Buckle up for spring lawn care


Mid to late April has been one of the largest roller coasters ride in temperature that I can remember. On April 14 and 15 in Northwest Ohio the temperature record was broken with highs reaching the mid-80s Fahrenheit; then two days later, it was cold and snowing. Another three days later it was in the 80s again followed by rain and cold temperatures in the 40s.

This not only playing havoc with spring flowering trees and shrubs, but it is also playing havoc with turf grass. Most of the time, spring in Northwest Ohio is rather seasonable; however, this year, with temperatures that soared above normal, soil temperatures are warm enough to cause crabgrass to germinate.

According to the Ohio State University turf grass team, crabgrass germinates when the soil at approximately 2 inches deep reaches 54 degrees for seven consecutive days. A phenology indicator is when the Redbud tree starts to bloom, and the Forsythia’s yellow flowers begin to fade. Also, the weather station located at the Ohio Agricultural Research and Development Center in Hoytville recorded the average soil temperature from April 8-15 at above 54 degrees.

Another issue to consider is the best time to apply weed and feed products. This would be when the Dandelions enter the puff ball state, normally accruing two weeks after the Dandelions start to flower. This year it was April 15, placing the puff ball state around May 1.

What this all means is that it probably is too late to apply pre-emergent weed control products to the lawn for effective crabgrass weed control after April 15. If you applied the pre-emergent weed control in late March or the first couple weeks in April you should have effective crabgrass control.

The next issue to be considered is that our pre-emergent products are combined with some combination of turf grass fertilizer. Normally when pre-emergent products with fertilizer are applied there should be four to six weeks between the application of these products and weed and feed products for control of broadleaf weeds in the yard most notably dandelions. Remember weed and feed products also contain turfgrass fertilizer. This year, however, the time frame may only be two weeks between these two applications.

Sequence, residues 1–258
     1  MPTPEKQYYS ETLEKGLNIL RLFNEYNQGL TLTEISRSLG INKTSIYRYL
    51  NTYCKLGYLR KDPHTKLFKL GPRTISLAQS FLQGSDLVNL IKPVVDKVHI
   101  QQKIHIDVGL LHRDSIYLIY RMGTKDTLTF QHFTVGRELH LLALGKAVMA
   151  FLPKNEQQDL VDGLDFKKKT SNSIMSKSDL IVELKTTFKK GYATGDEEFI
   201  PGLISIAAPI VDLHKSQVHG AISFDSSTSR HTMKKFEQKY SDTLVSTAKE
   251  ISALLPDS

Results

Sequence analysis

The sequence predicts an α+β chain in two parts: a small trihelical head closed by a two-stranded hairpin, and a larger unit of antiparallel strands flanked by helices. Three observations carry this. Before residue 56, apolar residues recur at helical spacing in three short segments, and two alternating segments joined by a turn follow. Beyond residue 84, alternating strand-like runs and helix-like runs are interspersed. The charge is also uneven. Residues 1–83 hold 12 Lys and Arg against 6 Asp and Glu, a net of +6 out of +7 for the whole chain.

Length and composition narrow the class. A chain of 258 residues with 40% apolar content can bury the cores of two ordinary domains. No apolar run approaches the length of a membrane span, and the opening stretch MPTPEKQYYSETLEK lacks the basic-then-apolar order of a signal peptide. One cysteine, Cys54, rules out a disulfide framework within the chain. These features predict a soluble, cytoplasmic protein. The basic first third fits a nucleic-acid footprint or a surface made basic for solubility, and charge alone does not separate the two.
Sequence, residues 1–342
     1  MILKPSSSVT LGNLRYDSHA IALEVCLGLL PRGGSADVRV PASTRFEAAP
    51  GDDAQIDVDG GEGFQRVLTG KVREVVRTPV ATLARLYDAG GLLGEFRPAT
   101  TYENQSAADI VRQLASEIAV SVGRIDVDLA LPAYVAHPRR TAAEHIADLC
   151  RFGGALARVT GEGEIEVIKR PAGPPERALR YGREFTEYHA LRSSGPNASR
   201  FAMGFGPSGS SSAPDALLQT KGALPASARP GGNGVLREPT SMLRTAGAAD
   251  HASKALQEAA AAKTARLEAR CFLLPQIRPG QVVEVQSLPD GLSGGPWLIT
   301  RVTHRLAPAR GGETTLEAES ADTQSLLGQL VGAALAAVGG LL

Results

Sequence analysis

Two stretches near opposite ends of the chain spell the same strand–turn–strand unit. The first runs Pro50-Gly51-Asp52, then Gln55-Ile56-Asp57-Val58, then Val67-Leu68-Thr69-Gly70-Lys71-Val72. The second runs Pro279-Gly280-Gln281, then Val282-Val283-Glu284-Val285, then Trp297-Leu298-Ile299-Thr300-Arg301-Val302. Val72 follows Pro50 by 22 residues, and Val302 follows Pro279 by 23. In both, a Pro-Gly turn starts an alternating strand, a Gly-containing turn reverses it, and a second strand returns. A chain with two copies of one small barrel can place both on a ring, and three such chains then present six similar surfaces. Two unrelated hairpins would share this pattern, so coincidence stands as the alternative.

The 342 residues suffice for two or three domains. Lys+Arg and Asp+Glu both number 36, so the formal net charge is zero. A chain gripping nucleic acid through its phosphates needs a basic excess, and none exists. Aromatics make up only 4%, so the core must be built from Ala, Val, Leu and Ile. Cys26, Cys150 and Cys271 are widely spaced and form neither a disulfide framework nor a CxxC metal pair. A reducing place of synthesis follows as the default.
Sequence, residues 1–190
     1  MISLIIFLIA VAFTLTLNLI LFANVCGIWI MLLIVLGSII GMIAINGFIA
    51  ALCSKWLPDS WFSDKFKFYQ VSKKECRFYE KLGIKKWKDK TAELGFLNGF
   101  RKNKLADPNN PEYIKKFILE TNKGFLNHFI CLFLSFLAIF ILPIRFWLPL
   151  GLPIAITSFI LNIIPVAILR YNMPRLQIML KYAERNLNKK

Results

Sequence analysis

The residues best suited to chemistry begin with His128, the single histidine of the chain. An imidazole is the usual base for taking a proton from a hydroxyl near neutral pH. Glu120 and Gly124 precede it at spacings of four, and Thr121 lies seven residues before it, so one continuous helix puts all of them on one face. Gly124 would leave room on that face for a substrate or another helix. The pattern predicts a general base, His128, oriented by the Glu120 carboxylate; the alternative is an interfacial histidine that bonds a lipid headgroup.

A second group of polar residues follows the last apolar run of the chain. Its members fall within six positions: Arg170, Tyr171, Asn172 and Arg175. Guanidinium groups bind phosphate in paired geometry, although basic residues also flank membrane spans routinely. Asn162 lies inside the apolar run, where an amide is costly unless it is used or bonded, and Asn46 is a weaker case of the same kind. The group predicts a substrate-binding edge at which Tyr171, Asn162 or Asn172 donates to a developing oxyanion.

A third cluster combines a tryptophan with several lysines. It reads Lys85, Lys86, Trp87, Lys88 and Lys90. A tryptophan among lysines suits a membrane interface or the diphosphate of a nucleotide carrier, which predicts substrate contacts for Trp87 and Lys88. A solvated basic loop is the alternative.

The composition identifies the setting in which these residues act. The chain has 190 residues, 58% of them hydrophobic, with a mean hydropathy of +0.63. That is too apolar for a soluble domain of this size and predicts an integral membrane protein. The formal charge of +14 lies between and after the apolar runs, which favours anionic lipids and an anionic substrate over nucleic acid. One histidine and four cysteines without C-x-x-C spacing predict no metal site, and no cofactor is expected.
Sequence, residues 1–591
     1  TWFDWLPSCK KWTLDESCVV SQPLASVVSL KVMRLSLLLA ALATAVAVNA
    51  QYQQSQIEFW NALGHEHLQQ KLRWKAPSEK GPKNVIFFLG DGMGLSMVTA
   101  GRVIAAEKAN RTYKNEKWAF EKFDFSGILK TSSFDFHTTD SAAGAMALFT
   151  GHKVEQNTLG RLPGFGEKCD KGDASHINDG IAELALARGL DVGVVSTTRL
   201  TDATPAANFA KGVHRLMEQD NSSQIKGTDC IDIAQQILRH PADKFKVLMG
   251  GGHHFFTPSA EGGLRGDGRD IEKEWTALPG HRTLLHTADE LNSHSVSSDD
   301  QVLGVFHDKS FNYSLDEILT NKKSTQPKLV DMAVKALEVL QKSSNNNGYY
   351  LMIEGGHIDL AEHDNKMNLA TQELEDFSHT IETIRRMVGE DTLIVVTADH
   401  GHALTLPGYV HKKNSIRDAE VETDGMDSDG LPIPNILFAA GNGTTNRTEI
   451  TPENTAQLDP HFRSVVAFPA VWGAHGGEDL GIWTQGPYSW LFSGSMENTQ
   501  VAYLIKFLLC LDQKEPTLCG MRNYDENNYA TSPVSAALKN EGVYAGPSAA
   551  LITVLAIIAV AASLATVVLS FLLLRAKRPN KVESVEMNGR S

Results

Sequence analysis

Applying weed and feed products to the yard at the two-week interval may cause burning of turf grass. Plant roots exert force to extract water from the soil, and excessive fertilization causes roots to shrivel, making it difficult for them to absorb water. The other issue is the compromised root system causes the roots to be more susceptible to disease primarily root rot. This will then cause the turf to become thin and more susceptible to insect activity.

Most post emergent turf grass weed control products, either as weed and feed or as a spray, have some type of combinations of active ingredients 2,4D, Mecoprop and Dicamba. These active ingredients are known as growth regulator chemistry products. The Environmental Protection Agency defines these products as Synthetic Auxin, Growth Regulators.

They are comprised of synthetic growth hormones that when applied to the foliage of dicots (broad leaf weeds) and then absorbed and transported through the vascular system will cause uncontrolled growth. This uncontrolled growth eventually controls the offending weed. That is why after applying these products you see twisting and curling of the dandelions.

To work around this dilemma, apply a postemergence spray as opposed to the weed and feed products. Post emergence sprays are normally mixed with water and applied with some type of sprayer. They are also available in ready to use products. Mid to late May you may apply a straight turf grass lawn fertilizer if the lawn warrants the additional fertilizer.

If you did not apply a pre-emergence product to your lawn, the application of the weed and feed products will not cause the over fertilization issue. Also, if the dandelions do not go into the puff ball state until mid or late May, then the applications of a weed and feed product should not cause an issue with your lawn after the pre-emergence product was applied.

Regardless of the product you choose as a pre-emergent or post emergent herbicide for the lawn, always remember to read the label for the correct rate, turfgrass tolerance, lawn reseeding and other specific instructions before applying any herbicide application to the lawn.

Have fun on the roller coaster of lawn care.

No posts to display